I make a distinction between a purposeful Hitler and those who merely make mistakes. Unless he was incredibly stupid, Adolph Hitler must have known that the racial myth upon which he justified the genocide of some six or seven million Jews in Europe was a lie –a black-hearted lie. Yet, he acted upon it. Ronald Reagan, a dimwit by any reckoning, may not have known that "supply side economics" was a bogus rationalization that would throw millions of people out of work, but his clever scheming cabinet and Machiavellian manipulators certainly did. If I should hear another disingenuous Republican swoon about how "Reagan made us feel good about ourselves," I may puke. Some people ought not to feel good about themselves. Some people ought to lose sleep at night. Some people ought to have bad dreams and night terrors –a phenomenon that recent studies have shown is commonplace among Republicans.

In medieval times, the European Continent was an unlikely birth place for an enlightenment that would not come for another 1,000 years. A trial, for example, was based less upon evidence or witnesses than upon the outcome of an ordeal in which it was believed God would assert his powers. Disputes were resolved by combat; it was believed that God would favor whoever was in the right. Suspected witches were often subject to trial by water in which those found innocent were no better off than those judged guilty. Those who survived did so because the "pure" water had rejected them. Found guilty, they were later burned; those who sank and drown were, thus, found innocent but eventually just as dead.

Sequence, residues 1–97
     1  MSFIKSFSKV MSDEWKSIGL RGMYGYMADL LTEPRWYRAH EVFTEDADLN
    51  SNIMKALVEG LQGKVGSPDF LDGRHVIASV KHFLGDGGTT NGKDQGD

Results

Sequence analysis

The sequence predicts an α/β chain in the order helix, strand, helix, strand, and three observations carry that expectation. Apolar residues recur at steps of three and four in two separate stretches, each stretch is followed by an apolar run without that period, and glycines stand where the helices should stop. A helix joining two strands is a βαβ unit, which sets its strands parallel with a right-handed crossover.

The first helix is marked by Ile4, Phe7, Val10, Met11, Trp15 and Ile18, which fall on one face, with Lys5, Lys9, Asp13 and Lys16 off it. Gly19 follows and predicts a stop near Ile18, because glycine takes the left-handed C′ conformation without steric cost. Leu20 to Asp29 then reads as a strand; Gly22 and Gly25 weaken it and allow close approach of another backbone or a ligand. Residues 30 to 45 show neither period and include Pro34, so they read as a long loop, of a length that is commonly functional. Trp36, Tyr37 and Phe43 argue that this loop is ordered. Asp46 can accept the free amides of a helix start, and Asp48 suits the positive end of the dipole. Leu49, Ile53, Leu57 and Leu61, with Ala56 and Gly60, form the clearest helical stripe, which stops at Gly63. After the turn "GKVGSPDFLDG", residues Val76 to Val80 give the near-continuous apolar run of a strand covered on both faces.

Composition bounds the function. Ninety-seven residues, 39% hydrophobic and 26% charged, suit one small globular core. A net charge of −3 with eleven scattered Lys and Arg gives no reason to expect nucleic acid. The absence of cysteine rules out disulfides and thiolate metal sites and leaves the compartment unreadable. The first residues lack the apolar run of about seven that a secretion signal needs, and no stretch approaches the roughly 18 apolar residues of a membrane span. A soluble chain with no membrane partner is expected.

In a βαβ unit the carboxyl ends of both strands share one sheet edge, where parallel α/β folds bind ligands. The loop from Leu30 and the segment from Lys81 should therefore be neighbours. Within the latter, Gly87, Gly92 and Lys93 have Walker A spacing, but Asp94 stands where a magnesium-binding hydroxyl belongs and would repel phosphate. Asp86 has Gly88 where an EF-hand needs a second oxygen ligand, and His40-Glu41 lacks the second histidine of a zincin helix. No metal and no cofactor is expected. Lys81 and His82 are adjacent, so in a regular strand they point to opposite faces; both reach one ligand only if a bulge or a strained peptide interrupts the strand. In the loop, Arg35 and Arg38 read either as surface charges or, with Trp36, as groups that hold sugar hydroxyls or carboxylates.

The purpose of the trial may have served but one purpose: that of assuaging an inquisitors' guilt and that of a delusional community. It doubtless made them feel better about themselves! Shared guilt seems to be better tolerated. The insane logic behind this may be forgiven a primitive culture, but can the same perverted logic be forgiven modern demagogues who smear innocents with the incredibly insane and medieval assertions that no evidence is, in fact, evidence of guilt? Perhaps Republican malice and ill-will might have been satisfied if Gary Condit and Bill Clinton had been subjected to trial by fire, water, or joust where only by death is innocence proved!

The standard defense will be: but Democrats do it, too! By that logic I should kill a Jew! Nazis did so! I should drag a black man to his death because Jaspar rednecks did; I should hijack an airliner and use it as a weapon because a fundamentalist Saudi did so; I should disrupt elections because Bush minions did so in Florida. I could justify a panoply of crimes and horrors.

Perhaps, if I believed that tax cuts for wealthy people would not aggravate the growing disparity between rich and poor which, in fact, began under Reagan and has continued, might sell out, compromise the last vestige of integrity and then get in line for my share. Perhaps, if I believed that people could depend on Enron-like retirement plans and the stock market, I would support raiding the Social Security trust fund to pay for a Star Wars defense shield rendered moot by the events of 9/11.

The Nuremberg War Crimes Trials were significant for several reasons. They affirmed a standard of personal responsibility –not knowledge of right and wrong; the trials discredited the defense: but we were only following orders. Shared guilt is still guilt.

Secondly, it was a study of the very face of evil. Dr. Gustav Gilbert, the psychologist assigned the thankless job of counseling the rogues' gallery of Nazi criminals, thugs, and perverts, said that as a result of his interviews, he arrived at what he thought was the very source of evil: a complete and utter lack of empathy. I can only add that it is only empathy that prevents us acting upon our worst motives and impulses, and upon the lies we cite to make us feel better about ourselves when we have done so.


War Crimes Debate